13 May 2012

Will Satch; Henley's New Rowing Hero

Will Satch with Silver in Belgrade

With a silver medal from the first World Cup Regatta of the season around his neck there is a new confidence in the stride of young Henley athlete Will Satch. Still only 22, this is his first year on the Men's Senior GB RowingTeam. Though quiet and unassuming he is an imposing figure, at 6ft 5inches and 100kg with a shock of copper hair he dominates any room not already filled with rowers. Currently rowing with partner George Nash of Cambridge University in the technically challenging coxless pair, the duo have quickly made an impression on the international rowing scene, raising expectations for the remainder of the season and with the hint of an Olympic medal in their sights.

But Will doesn't share his partner's Oxbridge background; brought up in a small house in Hurley he came to the sport because his best friend had started with Henley's Upper Thames Rowing Club. He is remembered there at the age of 12 as a little round ball of ginger energy, even then with a racers unrelenting desire to win. Former chairman of Upper Thames Steve Dance, recalls,

"He was small for his age, and seemed to be on the chubby side, but he won his first race for us almost exactly 10 years ago in under 13 double sculls and hasn't really looked back. It has been amazing watching his transformation over the years, as the puppy fat has been replaced with height and muscle, and he just keeps on winning."

Will as a junior at Upper Thames
Continuing his rowing at Shiplake College where he gained a rugby scholarship, having been something of a tear-away at his first school, he rowed in the First Eight under inspirational coach Athol Hundermark, while out of school he continued to perform for Upper Thames. My own memory of him at that age is of sitting in the seven seat while he was at stroke in a scratch crew for the Eight's Head of the River Race, when he was just 16. I was amazed at his strength and the relentless metronomic rates he produced over the 4 1/4 miles. Clearly the boy had talent.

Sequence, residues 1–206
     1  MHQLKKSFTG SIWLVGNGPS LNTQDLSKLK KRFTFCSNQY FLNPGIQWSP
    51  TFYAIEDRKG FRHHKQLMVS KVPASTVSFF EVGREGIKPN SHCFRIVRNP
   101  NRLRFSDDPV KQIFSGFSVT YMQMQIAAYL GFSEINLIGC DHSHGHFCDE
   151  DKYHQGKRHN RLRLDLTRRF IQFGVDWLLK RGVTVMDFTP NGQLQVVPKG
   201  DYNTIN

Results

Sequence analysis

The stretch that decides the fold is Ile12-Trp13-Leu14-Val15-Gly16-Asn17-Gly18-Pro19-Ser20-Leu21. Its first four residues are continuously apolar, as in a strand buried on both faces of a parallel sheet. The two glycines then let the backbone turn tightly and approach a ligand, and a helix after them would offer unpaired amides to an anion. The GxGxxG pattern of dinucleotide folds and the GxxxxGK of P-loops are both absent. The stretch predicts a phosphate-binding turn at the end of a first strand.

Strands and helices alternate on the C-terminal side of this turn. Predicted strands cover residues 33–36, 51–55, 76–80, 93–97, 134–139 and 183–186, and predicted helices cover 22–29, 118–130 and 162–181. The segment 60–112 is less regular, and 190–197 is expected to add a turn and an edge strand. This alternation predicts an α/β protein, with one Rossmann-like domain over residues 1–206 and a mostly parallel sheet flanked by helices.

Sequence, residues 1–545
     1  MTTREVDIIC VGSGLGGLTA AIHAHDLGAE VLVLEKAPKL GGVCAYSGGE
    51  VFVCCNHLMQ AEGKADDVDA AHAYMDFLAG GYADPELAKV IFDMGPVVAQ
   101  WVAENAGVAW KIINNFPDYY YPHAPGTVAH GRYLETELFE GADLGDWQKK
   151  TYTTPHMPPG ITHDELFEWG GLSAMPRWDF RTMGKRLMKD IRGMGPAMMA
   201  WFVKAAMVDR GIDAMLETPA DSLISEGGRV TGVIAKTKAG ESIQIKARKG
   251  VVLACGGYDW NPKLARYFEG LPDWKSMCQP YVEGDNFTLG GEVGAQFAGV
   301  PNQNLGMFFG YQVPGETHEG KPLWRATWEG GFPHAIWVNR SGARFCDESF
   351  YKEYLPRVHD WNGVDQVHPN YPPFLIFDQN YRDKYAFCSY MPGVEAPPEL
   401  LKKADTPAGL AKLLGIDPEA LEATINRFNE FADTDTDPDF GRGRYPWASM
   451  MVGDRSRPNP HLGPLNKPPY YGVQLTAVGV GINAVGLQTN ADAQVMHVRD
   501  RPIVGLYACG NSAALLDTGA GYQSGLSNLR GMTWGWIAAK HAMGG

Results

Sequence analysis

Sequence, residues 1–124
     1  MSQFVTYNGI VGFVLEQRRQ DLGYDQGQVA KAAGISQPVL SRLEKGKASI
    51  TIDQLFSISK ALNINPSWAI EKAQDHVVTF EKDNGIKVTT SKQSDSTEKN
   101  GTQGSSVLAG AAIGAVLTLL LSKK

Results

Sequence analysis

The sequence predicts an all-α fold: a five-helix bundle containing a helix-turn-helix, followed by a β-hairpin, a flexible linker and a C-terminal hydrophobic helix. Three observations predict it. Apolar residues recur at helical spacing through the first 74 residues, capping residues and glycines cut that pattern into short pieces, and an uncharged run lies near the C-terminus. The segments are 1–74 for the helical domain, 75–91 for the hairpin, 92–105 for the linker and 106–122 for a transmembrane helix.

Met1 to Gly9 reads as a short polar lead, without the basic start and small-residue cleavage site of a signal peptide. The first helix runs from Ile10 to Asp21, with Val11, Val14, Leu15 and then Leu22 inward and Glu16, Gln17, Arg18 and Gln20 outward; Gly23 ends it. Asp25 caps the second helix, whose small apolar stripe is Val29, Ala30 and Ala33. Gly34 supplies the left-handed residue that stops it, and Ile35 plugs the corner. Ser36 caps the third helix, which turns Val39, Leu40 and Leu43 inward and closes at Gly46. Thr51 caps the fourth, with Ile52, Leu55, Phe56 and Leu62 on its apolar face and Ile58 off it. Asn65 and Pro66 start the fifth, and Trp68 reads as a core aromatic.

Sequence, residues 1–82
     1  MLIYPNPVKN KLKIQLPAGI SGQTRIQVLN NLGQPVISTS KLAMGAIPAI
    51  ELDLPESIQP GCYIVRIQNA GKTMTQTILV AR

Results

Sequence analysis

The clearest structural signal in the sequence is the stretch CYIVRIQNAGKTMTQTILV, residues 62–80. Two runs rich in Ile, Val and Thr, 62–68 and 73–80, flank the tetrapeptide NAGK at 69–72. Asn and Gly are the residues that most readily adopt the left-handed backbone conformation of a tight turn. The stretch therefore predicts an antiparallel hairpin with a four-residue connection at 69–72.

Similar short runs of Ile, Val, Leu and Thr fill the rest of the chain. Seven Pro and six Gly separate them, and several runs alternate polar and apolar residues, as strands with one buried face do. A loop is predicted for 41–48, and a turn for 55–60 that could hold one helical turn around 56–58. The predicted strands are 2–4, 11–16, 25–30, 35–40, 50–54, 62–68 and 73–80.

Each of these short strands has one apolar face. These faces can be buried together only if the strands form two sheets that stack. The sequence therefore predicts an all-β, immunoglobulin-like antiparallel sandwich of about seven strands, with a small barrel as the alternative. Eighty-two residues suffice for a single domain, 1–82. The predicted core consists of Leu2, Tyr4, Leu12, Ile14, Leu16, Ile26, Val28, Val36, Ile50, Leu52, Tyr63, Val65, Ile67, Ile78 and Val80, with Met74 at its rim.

As we share a coffee just down the street from his small flat, shared with three other rowers in Henley, I ask Will to reflect on his transformation from promising junior to potential Olympic medal winner.

"It's been very hard work with a lot of highs and some real lows, but it's not that long ago I was catching crabs in junior 14 octuples. I didn't go to the Junior World Championships so for me the step up has been very demanding; a lot of people have helped me on the way, particularly at Leander Club, where Arnie Zarach got me to scull properly, Brian Armstrong was a great coach and Mark Banks still supports me with help and advice. It's very much my club now, being local it means a lot to me and I love being there."

His modesty hides what is a a clear determination to win at the Olympic's, nurtured since his early teens. But it was his success at Henley Royal Regatta winning the Thames Cup when still only 18 that gave him the belief that he could do something special.

"We won the Thames and the following year came close in the Ladies Plate, it was then I started to believe that I could make it as an athlete. I gave up the chance to go to university to pursue my dream and while it's a huge sacrifice, I feel as though it's worked in my favour."

Amongst the many people who have helped Will on his way he gives a lot of credit to his mum Sally and step-dad Martin a lecturer at Henley College, who have supported him through thick and thin. Sally a teacher at Shiplake College explains her admiration for her son's mental strength;

Stroking the Shiplkae VIII at Henley Regatta
"I am of course proud of Will, but I'm his mum I've been proud of every step he's taken. The huge thing I feel is the most tremendous respect every day for a boy that is able to dig so deep into seemingly fathomless resources, physically, but more mentally and emotionally, to do this again and again and again. He is one of the most mentally tough people I know. Awesome." 

Progressing in to the GB team that went to the Youth Olympic Festival in Australia in 2007 and then the under 23 team at the age of 19, Will mentions former partner Will Laughton as the rower who taught him how to row a coxless pair, a lesson that remains with him to this day. Staying in the under 23's for 3 seasons gave him invaluable international experience and two World Bronze medals in the VIII.